=== Octave Forge simp package ===In 2008/2009 there was a Single Interval ~~arithmetic addresses above problems in its very special way and introduces new possibilities ~~Mathematics Package (SIMP) for ~~algorithms. For example~~Octave, ~~the [http://en.wikipedia.org/wiki/Interval_arithmetic#Interval_Newton_method interval newton method] is able to find ''all'' zeros of a particular function~~which has eventually become unmaintained at Octave Forge.

== ~~Quick start introduction ~~=INTLAB ===This interval package is ''not'' meant to be a replacement for INTLAB and any compatibility with it is pure coincidence. Since both are compatible with GNU Octave, they happen to agree on many function names and programs written for INTLAB may possibly run with this interval package as well. Some fundamental differences that I am currently aware of:* INTLAB is non-free software, it grants none of the [http://www.gnu.org/philosophy/free-sw.html four essential freedoms] of free software* INTLAB is not conforming to IEEE Std 1788-2015 and the parsing of intervals from strings uses a different format—especially for the uncertain form* INTLAB supports intervals with complex numbers and sparse interval matrices, but no empty intervals* INTLAB uses inferior accuracy for most arithmetic operations, because it focuses on speed* Basic operations can be found in both packages, but the availability of special functions depends

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| ~~com<br/>~~disjoint (~~common~~a, b)| ~~style="text-align: center" | ✓~~~~| style="text-align: center" | ✓~~~~| style="text-align: center" | ✓~~~~| '''''x''''' is ~~emptyintersect (a ~~bounded~~, ~~nonempty subset of Dom(''f''); ''f'' is continuous at each point of '''''x'''''; and the computed interval ''f''('''''x'''''~~b) ~~is bounded~~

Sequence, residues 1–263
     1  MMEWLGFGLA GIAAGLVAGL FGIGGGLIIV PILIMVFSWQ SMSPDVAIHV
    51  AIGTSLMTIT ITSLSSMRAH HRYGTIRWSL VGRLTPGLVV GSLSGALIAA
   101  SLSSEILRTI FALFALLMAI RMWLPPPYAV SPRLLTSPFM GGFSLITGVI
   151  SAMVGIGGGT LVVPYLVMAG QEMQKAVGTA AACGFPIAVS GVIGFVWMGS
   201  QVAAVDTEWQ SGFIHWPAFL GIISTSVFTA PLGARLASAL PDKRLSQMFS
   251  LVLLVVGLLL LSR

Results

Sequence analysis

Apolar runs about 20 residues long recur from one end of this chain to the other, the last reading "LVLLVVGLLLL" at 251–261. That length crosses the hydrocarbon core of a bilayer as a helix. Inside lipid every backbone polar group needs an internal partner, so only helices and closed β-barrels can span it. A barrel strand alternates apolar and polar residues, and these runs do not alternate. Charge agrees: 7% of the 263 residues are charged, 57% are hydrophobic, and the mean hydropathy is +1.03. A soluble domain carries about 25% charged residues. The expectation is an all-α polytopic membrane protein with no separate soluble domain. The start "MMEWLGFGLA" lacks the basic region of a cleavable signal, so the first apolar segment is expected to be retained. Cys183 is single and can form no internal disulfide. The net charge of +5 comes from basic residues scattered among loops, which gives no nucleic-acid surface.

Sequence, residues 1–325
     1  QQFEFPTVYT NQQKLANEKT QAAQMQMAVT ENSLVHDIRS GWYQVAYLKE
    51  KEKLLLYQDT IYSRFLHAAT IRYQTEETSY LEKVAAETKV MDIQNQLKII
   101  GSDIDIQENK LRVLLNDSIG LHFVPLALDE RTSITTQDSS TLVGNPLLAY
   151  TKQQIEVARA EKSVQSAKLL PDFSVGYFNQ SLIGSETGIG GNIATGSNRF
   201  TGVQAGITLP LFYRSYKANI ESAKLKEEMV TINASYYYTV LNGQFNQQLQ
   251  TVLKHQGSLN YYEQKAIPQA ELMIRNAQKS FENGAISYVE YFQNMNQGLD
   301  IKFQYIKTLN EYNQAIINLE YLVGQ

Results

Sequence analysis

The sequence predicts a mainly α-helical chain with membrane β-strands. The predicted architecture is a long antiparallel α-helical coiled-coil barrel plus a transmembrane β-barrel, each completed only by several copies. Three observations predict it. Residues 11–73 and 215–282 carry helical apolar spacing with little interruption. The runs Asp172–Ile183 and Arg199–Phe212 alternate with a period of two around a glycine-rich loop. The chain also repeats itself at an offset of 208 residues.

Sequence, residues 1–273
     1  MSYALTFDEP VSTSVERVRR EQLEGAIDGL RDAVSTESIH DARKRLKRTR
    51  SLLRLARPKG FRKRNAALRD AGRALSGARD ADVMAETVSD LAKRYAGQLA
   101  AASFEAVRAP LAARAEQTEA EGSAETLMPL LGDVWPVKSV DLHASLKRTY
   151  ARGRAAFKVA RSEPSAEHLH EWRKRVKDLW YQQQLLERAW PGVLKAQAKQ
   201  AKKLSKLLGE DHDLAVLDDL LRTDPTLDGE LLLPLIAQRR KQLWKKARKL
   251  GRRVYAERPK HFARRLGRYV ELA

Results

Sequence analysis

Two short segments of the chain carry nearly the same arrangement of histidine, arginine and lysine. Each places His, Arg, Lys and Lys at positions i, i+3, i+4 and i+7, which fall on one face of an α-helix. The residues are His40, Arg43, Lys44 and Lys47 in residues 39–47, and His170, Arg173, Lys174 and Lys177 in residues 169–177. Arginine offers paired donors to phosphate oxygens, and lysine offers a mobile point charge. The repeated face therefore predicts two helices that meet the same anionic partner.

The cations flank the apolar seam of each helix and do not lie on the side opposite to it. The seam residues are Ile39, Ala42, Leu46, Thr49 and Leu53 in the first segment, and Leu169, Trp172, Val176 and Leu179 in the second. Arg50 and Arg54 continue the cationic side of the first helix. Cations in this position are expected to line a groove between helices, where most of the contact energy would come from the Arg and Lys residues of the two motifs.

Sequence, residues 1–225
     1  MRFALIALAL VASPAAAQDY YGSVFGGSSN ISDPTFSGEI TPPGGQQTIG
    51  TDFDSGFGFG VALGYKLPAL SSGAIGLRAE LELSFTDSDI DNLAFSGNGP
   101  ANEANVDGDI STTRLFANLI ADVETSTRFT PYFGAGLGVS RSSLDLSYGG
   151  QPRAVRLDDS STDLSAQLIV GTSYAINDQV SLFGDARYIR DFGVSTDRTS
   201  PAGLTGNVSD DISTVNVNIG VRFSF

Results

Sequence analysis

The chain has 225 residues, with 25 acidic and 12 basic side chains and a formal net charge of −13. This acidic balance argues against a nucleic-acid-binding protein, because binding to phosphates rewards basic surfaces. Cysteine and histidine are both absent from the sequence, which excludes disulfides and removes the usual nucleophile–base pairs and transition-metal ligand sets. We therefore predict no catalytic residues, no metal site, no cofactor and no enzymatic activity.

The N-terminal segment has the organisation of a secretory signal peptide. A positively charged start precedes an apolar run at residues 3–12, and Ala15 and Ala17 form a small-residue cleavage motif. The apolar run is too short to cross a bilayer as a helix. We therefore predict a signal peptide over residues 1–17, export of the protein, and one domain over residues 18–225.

|-

| ~~dac<br/>~~hdist (~~defined & continuous~~a, b)|~~| style="text-align: center" | ✓~~~~| style="text-align: center" | ✓~~~~| '''''x''''' is ~~qdist (a ~~nonempty subset of Dom(''f''~~, b)~~; and the restriction of ''f'' to '''''x''''' is continuous~~

|-

| ~~def<br/>~~disp (~~defined~~x)|~~|~~~~| style="text-align: center" | ✓~~~~| '''''~~disp2str (x~~''''' is a nonempty subset of Dom(''f''~~)

|-

| ~~trv<br/>~~infsup (~~trivial~~s)|~~|~~~~|~~~~| always true ~~str2intval (~~so gives no information~~s)

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| ~~ill<br/>~~isa (~~ill-formed~~x, "infsup")|~~|~~~~|~~~~| Not an interval, at least one interval constructor failed during the course of computation~~isintval (x)